So, since hiring the best candidate possible was not the organization’s number-one priority . . .I should ad that it was the hiring manager’s top priority but not the human resources department’s top priority. The hiring manager actually wanted to consider this candidate for the open position but it was the Human Resources Department’s policy that restricted the hiring manager from being able to consider this candidate.

Sharita: They ended up NOT hiring the best candidate they possibly could.

Stacy: Exactly. Not only that, but another organization within the same industry hired the candidate instead. You’ve heard of a win-win situation before. This one almost qualifies as a lose-lose situation.

If you want to hire top talent, then you must do what is necessary to hire top talent. If you don’t do what is necessary—or you’re not willing to do what is necessary—then you won’t hire the talent that your organization needs. It’s as simple as that.

Sharita: We’ve touched upon this before, but what are the elements of an effective hiring process? What should employers do if they want to hire top candidates?

Stacy: First, they need a complete and comprehensive job description with plenty of “sizzle.” You can’t bore candidates to death with a list of duties and responsibilities. People don’t get excited about a list of duties. They get excited about a list of possibilities for their career.

Second, employers need to keep candidates engaged throughout the entire hiring and interview process. The best way to do this is by setting expectations at every stage of the process and communicating often with candidates. If you don’t communicate well with candidates during the process, they’re going to assume the worst and drop out.

Third, employers must try to keep their hiring process as streamlined as possible. Between four to six weeks is the optimum amount of time. Top candidates will stay in a hiring process for up to four weeks, but after that, they’re at risk for dropping out. The shorter, the better.

Fourth, employers should also have an effective onboarding process for after the candidate accepts their offer. In fact, the onboarding process should start the minute that the candidate accepts. It does NOT start on the candidate’s first day of work. That’s because you want the candidate to show up for their first day. If you don’t start the onboarding process immediately, then you increase the risk that they won’t show up at all. Believe me, it’s happened numerous times to employers. Just because a candidate accepts an offer doesn’t guarantee that they will show up, especially in today’s employment marketplace.

Sharita: What about the role of search consultants or executive recruiters? Where do they enter the picture?

Stacy: Well, search consultants or executive recruiters play a key role all throughout the hiring process. However, there are a couple of places where they play an especially pivotal role.

Sharita: Which areas are those?

Stacy: From an employer’s perspective, the two toughest parts of hiring the best candidates is knowing who those candidates are and convincing those candidates to consider their opportunity. A search consultant specializes in both of those areas.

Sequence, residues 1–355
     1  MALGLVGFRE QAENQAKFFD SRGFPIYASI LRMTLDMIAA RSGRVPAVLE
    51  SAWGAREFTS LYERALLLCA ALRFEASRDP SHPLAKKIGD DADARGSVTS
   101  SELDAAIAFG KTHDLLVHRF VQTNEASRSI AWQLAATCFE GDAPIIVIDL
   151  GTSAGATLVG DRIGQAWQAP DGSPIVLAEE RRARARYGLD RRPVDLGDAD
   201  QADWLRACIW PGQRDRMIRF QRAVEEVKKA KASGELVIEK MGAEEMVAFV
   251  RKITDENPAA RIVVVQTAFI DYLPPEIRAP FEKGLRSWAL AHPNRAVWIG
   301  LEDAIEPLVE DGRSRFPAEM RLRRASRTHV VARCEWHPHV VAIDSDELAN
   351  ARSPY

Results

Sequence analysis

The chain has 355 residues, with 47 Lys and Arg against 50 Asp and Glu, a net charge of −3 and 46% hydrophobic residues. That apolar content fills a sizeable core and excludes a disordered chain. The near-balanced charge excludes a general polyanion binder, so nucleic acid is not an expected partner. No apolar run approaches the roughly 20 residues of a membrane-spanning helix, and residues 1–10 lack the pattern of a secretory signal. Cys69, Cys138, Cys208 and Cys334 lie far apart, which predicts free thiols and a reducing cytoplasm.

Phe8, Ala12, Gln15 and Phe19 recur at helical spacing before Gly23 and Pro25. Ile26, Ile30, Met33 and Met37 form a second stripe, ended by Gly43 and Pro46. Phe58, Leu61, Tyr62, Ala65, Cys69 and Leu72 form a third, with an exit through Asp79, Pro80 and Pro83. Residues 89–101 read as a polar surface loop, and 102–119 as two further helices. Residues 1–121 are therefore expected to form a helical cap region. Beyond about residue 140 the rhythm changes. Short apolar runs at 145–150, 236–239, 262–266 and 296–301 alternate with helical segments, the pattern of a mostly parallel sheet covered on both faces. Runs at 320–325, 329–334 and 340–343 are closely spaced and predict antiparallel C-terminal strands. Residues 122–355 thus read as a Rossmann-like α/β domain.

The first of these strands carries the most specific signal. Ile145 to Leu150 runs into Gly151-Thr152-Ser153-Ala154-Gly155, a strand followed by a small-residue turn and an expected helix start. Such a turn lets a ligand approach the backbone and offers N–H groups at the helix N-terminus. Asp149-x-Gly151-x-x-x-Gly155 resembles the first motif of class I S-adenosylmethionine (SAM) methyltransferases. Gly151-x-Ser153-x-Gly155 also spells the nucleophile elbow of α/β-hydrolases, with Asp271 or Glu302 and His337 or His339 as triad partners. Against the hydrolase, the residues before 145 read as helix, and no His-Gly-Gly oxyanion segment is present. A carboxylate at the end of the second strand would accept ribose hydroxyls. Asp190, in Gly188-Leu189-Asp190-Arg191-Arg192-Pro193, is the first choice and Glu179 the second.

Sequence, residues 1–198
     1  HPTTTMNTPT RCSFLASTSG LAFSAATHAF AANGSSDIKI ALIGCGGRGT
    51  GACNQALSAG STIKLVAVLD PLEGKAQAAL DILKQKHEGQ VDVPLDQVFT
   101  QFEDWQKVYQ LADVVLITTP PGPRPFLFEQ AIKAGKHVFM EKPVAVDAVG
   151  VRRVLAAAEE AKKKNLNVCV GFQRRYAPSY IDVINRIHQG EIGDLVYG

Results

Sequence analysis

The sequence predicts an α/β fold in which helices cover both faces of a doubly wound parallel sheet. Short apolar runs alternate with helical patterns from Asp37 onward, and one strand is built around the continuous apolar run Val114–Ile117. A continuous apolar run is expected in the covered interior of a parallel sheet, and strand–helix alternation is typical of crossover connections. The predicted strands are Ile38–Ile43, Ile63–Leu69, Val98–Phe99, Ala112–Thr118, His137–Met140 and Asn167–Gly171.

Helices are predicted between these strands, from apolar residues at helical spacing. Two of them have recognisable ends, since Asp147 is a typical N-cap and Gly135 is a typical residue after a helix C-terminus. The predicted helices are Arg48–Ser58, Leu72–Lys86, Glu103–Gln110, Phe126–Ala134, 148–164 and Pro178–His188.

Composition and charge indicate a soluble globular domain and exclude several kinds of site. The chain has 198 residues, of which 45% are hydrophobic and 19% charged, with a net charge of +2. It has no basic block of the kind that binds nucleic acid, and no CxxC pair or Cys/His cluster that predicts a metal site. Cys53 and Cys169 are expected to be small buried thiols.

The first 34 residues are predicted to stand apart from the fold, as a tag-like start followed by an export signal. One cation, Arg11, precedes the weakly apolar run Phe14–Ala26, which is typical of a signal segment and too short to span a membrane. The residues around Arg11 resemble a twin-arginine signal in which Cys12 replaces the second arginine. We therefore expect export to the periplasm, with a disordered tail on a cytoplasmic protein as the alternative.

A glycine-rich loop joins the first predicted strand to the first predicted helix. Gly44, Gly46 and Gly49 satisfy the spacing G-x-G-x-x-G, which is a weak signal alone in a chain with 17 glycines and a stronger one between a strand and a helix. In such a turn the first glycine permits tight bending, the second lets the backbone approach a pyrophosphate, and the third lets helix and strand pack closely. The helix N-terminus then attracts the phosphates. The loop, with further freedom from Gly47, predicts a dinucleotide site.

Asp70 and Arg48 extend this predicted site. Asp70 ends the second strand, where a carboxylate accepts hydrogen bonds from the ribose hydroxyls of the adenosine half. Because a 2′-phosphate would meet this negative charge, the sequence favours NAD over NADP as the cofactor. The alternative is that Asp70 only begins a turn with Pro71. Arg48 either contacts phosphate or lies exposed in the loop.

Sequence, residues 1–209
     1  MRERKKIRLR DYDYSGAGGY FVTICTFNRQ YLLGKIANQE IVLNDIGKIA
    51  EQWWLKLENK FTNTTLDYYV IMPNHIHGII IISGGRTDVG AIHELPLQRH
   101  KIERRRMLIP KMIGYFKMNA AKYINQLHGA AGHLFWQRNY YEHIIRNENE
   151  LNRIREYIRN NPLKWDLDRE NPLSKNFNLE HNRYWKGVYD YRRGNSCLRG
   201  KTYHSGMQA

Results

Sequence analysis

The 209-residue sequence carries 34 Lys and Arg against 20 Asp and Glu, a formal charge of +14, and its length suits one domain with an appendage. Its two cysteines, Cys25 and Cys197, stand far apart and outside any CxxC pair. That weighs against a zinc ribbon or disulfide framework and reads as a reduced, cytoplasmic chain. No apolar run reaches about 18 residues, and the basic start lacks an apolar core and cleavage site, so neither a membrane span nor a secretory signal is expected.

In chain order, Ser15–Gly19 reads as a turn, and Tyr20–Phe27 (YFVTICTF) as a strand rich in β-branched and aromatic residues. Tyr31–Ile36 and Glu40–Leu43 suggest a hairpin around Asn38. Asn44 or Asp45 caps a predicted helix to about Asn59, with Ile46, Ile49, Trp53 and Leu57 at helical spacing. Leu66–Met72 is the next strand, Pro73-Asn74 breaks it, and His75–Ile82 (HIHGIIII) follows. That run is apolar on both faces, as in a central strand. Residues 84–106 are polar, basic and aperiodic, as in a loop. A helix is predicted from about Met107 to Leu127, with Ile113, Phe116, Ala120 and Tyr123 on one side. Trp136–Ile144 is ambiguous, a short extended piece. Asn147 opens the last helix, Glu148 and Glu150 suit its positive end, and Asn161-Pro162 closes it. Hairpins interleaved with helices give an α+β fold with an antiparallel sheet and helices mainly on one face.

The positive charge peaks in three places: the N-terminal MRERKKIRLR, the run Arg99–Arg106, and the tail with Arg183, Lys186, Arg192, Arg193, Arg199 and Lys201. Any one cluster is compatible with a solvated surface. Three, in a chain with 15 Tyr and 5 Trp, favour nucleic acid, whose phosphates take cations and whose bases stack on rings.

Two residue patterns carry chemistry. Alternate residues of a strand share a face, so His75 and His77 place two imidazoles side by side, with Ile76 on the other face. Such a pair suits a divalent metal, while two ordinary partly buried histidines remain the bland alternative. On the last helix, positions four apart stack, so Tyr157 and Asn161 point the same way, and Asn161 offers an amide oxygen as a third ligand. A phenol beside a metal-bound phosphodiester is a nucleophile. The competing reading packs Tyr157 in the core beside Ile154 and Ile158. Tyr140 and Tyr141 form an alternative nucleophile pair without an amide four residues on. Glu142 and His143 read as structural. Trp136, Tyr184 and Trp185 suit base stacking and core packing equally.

First, they know who the top candidates are, and they probably already have relationships with them and know the timing of when they’re ready to make a move. As we’ve discussed before, the first step in hiring top talent is being able to identify top talent.

Second, one of a search consultant’s or executive recruiter’s main skills is their ability to recruit, which makes perfect sense. Top candidates are usually passive candidates, which means they’re not actively looking for a new job. They’re certainly not responding to job ads. They are more than likely not reading job ads. That means they must be convinced to consider a new opportunity, and that’s what a recruiter does. They contact these candidates, present the opportunity, and convince them to consider it.

Sharita: What other value do search consultants or executive recruiters provide to employers and hiring managers? Do they provide any value outside of what they do during the hiring process?

Stacy: They absolutely do! A search consultant is, as the name suggests, a consultant. We consult our clients about a great many things. One of those things is the state of the employment marketplace, including current trends and emerging trends. Search consultants have knowledge of what to do and how to handle specific market conditions, and they can use that knowledge to educate and guide their clients.

Sharita: Such as educating them about the best ways to hire top talent, so that they don’t end up screening out good candidates and letting the competition hire them instead.

Stacy: Exactly! The hiring process is the most important key in attracting, engaging, and hiring top talent. Employers must make sure that they’re in a position to hire the best candidates. If they don’t at least do that, then they won’t be in a position to hire them at all.

Sharita: Stacy, once again, thanks so much for all of this great information today.

Stacy: Thank you, Sharita. I look forward to our next podcast!